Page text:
Tag Archives: Lydia Davis

A Manual for Cleaning Women by Lucia Berlin: Saving some for later

Cover imageLucia Berlin’s short story collection seem to be everywhere at the moment – her beautiful face shines out from broadsheet reviews, her book sits at the front of every bookshop I’ve been in recently – yet her work isn’t new. She died in 2004 having written intermittently over a long period stretching back to the ‘60s, fitting her stories around a multitude of jobs from teaching English to cleaning houses. Previously published by a small press, it’s as if a well-kept secret has suddenly been revealed. I’ve read about half of the collection – there are forty-three stories in all – but they’re not to be gulped down. I’m taking a little break and collecting my thoughts on the ones I’ve read, planning to read the rest a little more slowly.

The collection comes complete with an introduction by Stephen Emerson – Berlin’s editor and dear friend – a short biographical note and a foreword by Lydia Davis, herself no slouch in the short story department according to those who know more about these things than I do. From these three pieces it’s clear that Berlin drew heavily on her own life when writing her stories and what a rackety life it was: several marriages, four children and alcoholism followed a peripatetic childhood spent in mining towns with a brief glamorous teenage period in Chile. Here’s a flavour of her stories’ rich diversity: a young girl helps her dentist grandfather extract all his teeth, replacing them with his masterpiece – a perfect replica – in ‘Doctor H. A. Moynihan’; the eponymous story sees a cleaner mentally running through her clients on the bus route home, tossing in helpfully bracketed tips to her colleagues; a woman speculates on why Sundays are so hard to write about in ‘Points of View’; a nursing assistant tenderly cradles a jockey’s broken body in ‘My Jockey’; a women in love with the idea of romance finds out more than she bargained for in ‘Melina’; in ‘Unmanageable’ a mother, desperate for alcohol, is treated with poignant kindness then returns home to her thirteen-year-old son who has been driven to confiscating her wallet and her car keys.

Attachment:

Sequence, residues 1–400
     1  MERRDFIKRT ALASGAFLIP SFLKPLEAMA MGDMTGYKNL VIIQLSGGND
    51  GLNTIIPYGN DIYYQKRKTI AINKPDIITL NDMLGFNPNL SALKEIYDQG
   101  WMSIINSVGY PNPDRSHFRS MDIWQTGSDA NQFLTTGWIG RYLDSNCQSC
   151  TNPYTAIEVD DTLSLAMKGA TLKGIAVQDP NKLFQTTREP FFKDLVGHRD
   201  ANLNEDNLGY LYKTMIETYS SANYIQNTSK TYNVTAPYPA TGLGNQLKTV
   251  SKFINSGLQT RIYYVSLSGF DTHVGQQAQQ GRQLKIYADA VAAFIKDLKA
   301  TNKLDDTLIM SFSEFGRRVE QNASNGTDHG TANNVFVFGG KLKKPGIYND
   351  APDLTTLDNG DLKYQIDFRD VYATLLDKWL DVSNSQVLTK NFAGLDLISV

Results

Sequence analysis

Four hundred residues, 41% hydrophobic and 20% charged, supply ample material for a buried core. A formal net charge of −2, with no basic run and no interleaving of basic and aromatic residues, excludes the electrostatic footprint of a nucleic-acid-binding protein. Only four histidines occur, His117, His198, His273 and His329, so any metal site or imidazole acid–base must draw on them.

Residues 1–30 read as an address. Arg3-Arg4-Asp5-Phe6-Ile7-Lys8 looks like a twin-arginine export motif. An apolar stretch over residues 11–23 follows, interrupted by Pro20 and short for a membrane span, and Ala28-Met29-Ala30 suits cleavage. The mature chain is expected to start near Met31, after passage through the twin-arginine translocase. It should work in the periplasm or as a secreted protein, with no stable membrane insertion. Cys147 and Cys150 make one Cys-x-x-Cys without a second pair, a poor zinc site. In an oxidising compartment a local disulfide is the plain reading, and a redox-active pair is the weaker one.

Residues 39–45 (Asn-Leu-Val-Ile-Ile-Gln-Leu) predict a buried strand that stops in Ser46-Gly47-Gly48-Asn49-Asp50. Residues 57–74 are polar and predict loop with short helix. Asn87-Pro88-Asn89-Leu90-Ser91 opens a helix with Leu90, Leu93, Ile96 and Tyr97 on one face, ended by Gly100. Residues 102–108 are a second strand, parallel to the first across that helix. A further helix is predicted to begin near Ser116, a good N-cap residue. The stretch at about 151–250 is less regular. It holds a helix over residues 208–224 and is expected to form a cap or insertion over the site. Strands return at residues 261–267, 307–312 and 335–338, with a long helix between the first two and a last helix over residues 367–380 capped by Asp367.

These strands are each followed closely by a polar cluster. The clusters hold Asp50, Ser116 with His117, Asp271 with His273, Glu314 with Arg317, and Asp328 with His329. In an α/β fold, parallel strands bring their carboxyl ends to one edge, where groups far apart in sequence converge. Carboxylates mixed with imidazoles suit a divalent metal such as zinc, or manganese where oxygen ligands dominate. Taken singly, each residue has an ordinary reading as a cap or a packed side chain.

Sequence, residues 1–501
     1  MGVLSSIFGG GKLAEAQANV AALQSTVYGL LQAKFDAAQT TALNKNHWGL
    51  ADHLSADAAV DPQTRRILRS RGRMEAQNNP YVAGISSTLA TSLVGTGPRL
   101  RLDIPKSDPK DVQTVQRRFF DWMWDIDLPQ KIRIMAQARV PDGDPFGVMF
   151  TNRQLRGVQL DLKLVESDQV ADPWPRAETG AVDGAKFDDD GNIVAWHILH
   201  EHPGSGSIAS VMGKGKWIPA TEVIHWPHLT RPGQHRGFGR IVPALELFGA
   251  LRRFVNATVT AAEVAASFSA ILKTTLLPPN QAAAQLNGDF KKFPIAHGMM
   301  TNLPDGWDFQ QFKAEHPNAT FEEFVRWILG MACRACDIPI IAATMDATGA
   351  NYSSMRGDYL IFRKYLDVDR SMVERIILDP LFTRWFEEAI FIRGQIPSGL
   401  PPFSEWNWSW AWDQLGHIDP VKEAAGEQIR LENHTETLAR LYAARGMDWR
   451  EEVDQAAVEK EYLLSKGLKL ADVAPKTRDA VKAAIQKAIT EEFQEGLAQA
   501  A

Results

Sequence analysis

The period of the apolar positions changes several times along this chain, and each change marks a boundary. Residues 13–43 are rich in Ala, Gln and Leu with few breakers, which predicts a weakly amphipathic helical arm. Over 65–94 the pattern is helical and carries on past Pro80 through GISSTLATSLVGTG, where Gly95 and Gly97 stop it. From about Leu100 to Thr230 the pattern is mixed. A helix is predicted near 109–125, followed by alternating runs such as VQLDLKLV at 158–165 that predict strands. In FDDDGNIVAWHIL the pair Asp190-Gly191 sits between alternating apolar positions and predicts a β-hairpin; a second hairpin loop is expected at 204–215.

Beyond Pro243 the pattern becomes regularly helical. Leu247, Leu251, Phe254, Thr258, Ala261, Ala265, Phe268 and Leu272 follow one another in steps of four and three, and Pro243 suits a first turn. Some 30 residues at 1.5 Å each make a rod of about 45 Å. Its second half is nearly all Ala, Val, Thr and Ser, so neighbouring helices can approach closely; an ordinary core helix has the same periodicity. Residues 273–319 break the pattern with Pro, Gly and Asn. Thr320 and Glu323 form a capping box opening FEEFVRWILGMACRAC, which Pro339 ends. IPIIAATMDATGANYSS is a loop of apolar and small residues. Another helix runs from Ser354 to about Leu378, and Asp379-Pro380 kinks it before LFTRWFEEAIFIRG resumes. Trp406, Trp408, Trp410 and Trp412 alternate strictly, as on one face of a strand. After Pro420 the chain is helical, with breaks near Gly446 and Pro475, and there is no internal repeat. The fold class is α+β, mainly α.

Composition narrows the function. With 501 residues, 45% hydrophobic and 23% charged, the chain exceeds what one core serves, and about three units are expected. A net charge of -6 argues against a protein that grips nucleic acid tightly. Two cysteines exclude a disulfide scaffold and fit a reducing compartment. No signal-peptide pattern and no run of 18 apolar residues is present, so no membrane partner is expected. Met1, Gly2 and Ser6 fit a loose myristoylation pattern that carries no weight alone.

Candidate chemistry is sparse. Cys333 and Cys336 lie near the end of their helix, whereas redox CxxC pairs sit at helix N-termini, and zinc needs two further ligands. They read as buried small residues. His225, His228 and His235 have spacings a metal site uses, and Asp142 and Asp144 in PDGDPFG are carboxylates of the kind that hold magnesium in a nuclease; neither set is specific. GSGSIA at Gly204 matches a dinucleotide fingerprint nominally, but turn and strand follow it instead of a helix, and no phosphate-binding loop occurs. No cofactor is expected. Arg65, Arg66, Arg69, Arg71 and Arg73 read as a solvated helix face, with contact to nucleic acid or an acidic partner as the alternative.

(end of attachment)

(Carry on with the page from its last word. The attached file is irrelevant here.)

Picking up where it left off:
Both Davis and Emerson have written far more eloquently about Berlin’s writing in their introductory essays than I can. Its pared back nature is what appeals to me. There’s an immediacy in her short, crisp, carefully constructed sentences – from the graphic, panicky tooth extraction of ‘Doctor H. A. Moynihan’ to the gentleness of drunks recognising desperation in ‘Unmanageable’. Her material is often raw but there’s always a wry humour in her delivery. Her observation is sharp and her matter-of-fact economy makes its impact all the more striking: ‘Poor people wait a lot. Welfare, unemployment lines, laundromats, phone booths, emergency rooms, jails, etc.’ perfectly conveys the deadening boredom and exhaustion of the dispossessed and the likely downward spiral of their fortunes. ‘I’m having a hard time writing about Sunday. Getting the long hollow feeling of Sundays. No mail and faraway lawn mowers, the hopelessness’ brings us up short in what had appeared a playful story about choosing a narrator’s point of view. It’s quite a feast and for now I’m sated but I’ll be back for second helpings.